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Splitting Scenarios: Europeans Plan for Fallout From Potential Collapse of EU

Wednesday, January 11, 2017

© AP Photo/ Petr David Josek

Earlier this month, Slovenian President Borut Pahor floated the idea of dividing the EU into regions, which stipulates that its member states be regrouped according to their interests and geostrategic "trends".

The possible regionalization of the EU could see its member states being regrouped along the lines of their interests and geostrategic "trends," according to Slovenian President Borut Pahor.

He was echoed by former Slovenian Foreign Minister Dimitrij Rupel, who called for creating the so-called eastern mega-region which could include Croatia, Romania, Bulgaria, Serbia, Montenegro, Macedonia, Kosovo, Turkey and Ukraine. Of the countries he listed, only Croatia, Romania and Bulgaria are currently EU members. None of these countries are in the Schengen area and only Montenegro uses the Euro, which it has adopted as a de facto currency.

In this vein, it is worth mentioning supporters of another idea of "splitting" the EU, which envisages the establishment of four groups: an Atlantic group, a Baltic and North Sea group, a Danube-Black Sea group and a Mediterranean group.

In an interview with Sputnik, Slobodan Jankovic, a Belgrade-based political analyst, recalled that the plan to change the EU's format was, in fact, announced more than a month ago.

In this situation, Slovenia acts as a dummy which speaks on behavior of its ventriloquist," he said referring to Austria and Germany.

He described Slovenia's project as Eurocrats' attempts to save what "can still be saved" amid the "serious crisis" in the EU. "The [EU's] economic crisis has lasted for more than ten years, in other words, it began even before the global crisis. Add to this the migration crisis, Brexit and political changes which prompt analyst to speculate on the future of the European project," Jankovic said.

Speaking to Sputnik, Aleksandra Joksimovic, Foreign Policy Center Director in Serbia, said in turn that in the wake of Brexit, everything depends on the outcome of this year's elections in Slovenia and key EU countries like Germany and France. "Slovenia is a young European state which is trying to position itself as a constructive member of the EU which has certain ideas concerning the future of the bloc.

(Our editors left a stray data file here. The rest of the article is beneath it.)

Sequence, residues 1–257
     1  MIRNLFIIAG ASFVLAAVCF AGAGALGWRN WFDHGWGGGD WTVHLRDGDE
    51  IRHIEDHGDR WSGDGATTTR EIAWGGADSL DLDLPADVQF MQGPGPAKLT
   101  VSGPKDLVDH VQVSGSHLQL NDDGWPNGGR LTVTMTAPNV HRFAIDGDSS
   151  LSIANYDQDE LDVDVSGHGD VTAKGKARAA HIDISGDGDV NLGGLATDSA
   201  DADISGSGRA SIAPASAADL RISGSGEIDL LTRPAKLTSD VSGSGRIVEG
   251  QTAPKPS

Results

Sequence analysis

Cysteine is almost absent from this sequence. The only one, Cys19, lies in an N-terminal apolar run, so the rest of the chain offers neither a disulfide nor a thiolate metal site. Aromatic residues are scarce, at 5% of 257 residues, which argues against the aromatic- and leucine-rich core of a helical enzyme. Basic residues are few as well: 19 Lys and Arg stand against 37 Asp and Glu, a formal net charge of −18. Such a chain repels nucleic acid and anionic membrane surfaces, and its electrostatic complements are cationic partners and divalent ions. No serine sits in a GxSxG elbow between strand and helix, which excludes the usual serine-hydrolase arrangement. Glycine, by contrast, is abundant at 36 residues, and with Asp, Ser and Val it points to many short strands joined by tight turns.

The fact that Pahor called for the EU's regionalization indicates that it will become part of his election campaign,"Joksimovic said. She added that the EU is functioning as a system of concentric circles; these are referred to as a potential model for the EU in the future.

Slovenia, the northernmost former Yugoslav state, was once part of the Austro-Hungarian Empire, along with Austria, Hungary, Slovakia, Croatia, Bosnia-Herzegovina the Czech Republic and parts of Poland, Romania, Italy and Ukraine. "There are already certain dividing lines in the EU. For example, Pahor mentions the Visegrad Group (Poland, Slovakia, Hungary and the Czech Republic) which emerged as a lobbying organization to help its members enter the EU as soon as possible. The group maintained cooperation within the EU in order to achieve concrete goals," she said.

She also suggested that this year will see more proposals to resolve the internal political crisis in the EU, but none of them will be approved until after the end of elections in France and Germany.

In addition, Joksimovic added, it is still unclear how the UK will withdraw from the EU, which is why it is necessary to wait until the end of this year, when she said the leading EU countries should decide on the bloc's future policy.

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